by Michael B. Hock
This isn’t a spoiler by any means… it’s actually more of a given. In fact, it’s kind of impossible to spoil a movie like Swiss Army Man, in that it will (and should be) explored an dissected for years to come. However, the final line in the movie is delivered by Mary Elizabeth Winstead’s Sarah who simply asks “What the fuck?”
I can’t think of a better way to describe this movie.
Please note: This is a real description of a real movie, not a fever dream. I’m pretty sure.
Swiss Army Man stars Paul Dano as Hank, a man about to kill himself after being stranded on a tiny island with a cave and plenty of trash. He stops himself when he notices a corpse (Daniel Radcliffe, a lot better here than in Now You See Me 2). After using the corpse’s farting as a motor boat to escape the tiny island, the two must navigate the wilderness so Hank can find his way home. Yep. Hank and the corpse he later names “Manny.” Or the corpse names himself Manny. Oh, yeah, the corpse slowly begins to regain life while exhibiting magic powers, including an unlimited supply of water and a boner-compass.
Yeah. There’s weird, and then 200 miles past weird, there’s this movie.
Despite all of the words I just typed, I have to point out… this movie is amazing. It might be one of the most amazing films ever placed on film. It somehow manages to be deep, hilarious, moving, and sad, more than a movie that features this amount of flatulence should.
It’s also almost impossible to fully review, because so much is left up to the mind of the viewer.
Take, for instance, the question of whether Manny is alive, or if Hank is slowly going insane from his time supposedly on his tiny island. (and I’m convinced that he was not actually on a tiny island at any point.) There’s a great moment early on where Hank is singing to himself, and he notes that he does this as an old habit from his mother – when he couldn’t sleep his mother would have him sing so that he doesn’t over think anything. The filmmakers (billed as “Daniels” but is Daniel Scheinert and Daniel Kwan) slip this line in, and then follow up on it for the rest of the movie. From that point on, whenever something truly fantastical happens, the characters start singing before the background music kicks in – we are drawn into Hank’s world where we aren’t meant to overthink it.
It is almost as if they wanted to make a movie that rejects this type of overanalysis.
The trouble is, so much of this movie lends itself to analysis. There’s a strong theme of being “thrown away” and “trash” deep within the movie itself. Hank’s story is played out expertly during the credits as boats made of trash float by, eventually getting more and more elaborate as more and more of his story goes by. Later, he’s repurpose as much trash as possible to make wonderful things, whether it’s a re-enactment of an encounter on a bus, or a party with his friends. This ties back to dialogue earlier where a corpse is “thrown away” (obviously referencing Manny) and Hank’s use of it.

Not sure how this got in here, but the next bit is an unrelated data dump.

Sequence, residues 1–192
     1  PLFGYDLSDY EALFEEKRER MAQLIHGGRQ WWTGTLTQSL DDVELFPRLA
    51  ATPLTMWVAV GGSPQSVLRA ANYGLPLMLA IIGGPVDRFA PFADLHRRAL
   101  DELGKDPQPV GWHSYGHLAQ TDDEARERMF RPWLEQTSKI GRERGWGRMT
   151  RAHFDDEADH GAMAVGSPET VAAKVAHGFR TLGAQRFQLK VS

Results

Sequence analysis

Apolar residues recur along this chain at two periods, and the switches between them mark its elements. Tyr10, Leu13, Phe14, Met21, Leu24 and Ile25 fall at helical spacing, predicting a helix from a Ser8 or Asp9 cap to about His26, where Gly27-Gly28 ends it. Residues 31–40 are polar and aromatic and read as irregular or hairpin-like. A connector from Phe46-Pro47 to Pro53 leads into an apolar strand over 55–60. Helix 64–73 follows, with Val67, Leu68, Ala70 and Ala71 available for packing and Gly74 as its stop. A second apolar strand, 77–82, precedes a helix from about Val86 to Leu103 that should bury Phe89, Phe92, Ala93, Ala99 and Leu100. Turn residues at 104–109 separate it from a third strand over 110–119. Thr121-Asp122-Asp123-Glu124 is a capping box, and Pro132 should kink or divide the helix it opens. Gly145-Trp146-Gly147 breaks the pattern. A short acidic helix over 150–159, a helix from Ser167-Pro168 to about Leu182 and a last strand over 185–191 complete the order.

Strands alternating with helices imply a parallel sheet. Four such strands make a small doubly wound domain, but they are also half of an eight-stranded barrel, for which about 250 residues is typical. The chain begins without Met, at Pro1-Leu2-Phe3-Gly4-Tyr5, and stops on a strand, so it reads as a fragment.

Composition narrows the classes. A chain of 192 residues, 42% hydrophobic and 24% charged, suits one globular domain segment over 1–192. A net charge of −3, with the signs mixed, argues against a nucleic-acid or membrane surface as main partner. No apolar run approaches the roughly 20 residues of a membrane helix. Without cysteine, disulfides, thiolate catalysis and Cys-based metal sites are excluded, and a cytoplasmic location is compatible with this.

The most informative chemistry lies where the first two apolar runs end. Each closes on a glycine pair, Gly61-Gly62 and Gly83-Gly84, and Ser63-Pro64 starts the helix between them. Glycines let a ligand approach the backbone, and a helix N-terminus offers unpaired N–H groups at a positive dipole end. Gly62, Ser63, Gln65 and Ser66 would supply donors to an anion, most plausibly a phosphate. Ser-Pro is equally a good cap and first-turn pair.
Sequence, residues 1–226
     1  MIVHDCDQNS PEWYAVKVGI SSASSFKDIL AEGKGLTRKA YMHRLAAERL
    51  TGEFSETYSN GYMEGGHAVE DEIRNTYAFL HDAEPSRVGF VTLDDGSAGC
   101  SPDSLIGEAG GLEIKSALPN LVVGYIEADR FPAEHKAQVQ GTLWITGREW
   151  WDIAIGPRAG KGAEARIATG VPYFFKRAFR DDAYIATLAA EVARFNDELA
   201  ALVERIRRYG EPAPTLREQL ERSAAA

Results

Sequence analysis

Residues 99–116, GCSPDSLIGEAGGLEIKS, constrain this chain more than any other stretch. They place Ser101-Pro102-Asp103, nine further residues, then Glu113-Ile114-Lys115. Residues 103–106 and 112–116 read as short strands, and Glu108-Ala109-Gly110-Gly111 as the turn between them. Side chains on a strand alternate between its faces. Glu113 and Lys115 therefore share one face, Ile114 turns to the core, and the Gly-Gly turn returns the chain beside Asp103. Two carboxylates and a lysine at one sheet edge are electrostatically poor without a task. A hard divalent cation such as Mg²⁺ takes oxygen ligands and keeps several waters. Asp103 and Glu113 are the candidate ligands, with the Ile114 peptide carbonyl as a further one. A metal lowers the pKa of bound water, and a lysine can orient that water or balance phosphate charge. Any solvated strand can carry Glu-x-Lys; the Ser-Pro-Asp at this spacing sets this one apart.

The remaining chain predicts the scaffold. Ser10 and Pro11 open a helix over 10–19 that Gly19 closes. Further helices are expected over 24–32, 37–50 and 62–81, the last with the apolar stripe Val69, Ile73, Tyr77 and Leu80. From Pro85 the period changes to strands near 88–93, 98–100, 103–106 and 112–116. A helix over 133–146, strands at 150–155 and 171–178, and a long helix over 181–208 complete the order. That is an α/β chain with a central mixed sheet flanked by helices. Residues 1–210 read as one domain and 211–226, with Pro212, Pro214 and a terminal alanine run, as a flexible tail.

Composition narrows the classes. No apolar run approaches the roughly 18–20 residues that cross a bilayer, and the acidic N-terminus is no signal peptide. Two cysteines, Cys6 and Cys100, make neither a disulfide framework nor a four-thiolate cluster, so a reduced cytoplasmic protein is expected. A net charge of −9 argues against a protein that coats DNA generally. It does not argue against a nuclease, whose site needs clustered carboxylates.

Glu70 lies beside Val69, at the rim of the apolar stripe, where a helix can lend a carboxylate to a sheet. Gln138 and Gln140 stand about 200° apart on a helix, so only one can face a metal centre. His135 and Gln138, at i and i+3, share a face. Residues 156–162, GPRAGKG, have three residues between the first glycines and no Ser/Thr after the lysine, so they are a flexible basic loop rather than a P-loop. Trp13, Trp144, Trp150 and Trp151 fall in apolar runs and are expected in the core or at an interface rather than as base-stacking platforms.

There’s also a strong feeling of isolation involved in this movie as well. Hank’s island isn’t big at all, only about the size of a room with a cave on it. As he and Manny make their way through the forest, they find many signs of people – mostly in the form of trash – but don’t encounter other people. Hank constantly struggles to find a signal, a connection, but can’t, figuratively in flashbacks, and quite literally in the present. The film spends so much time reinforcing this through long shots of a large forest, or the ocean. It’s a movie that is very aware of it’s isolating surroundings, which is surprising particularly towards the end of the movie.
All of this and it doesn’t even begin to touch on the buddy vibe of the movie, because it does boil down to being two guys, walking through the woods, talking about and exploring life. One of them just happens to be dead and might have magic powers. Credit must go to Paul Dano and Daniel Radcliffe who don’t just commit to their roles, but excel at them. Radcliffe allows himself to be thrown around and for Dano to do most of the heavy (acting) lifting early on in the film. They commit themselves to this important conversations, where they talk about life, trash, and love. They talk about missed opportunities.
I could watch this film repeatedly. It has a heart and warmth that is missing from a lot today. But I’m fascinated with pulling back all the layers and figuring out what is involved in this movie. I need to know more about it, as I search it for meaning. But ultimately, I may have to accept there may be no meaning.
Ultimately, I might need to just not overthink it.
Hamlet T. Wondercat says: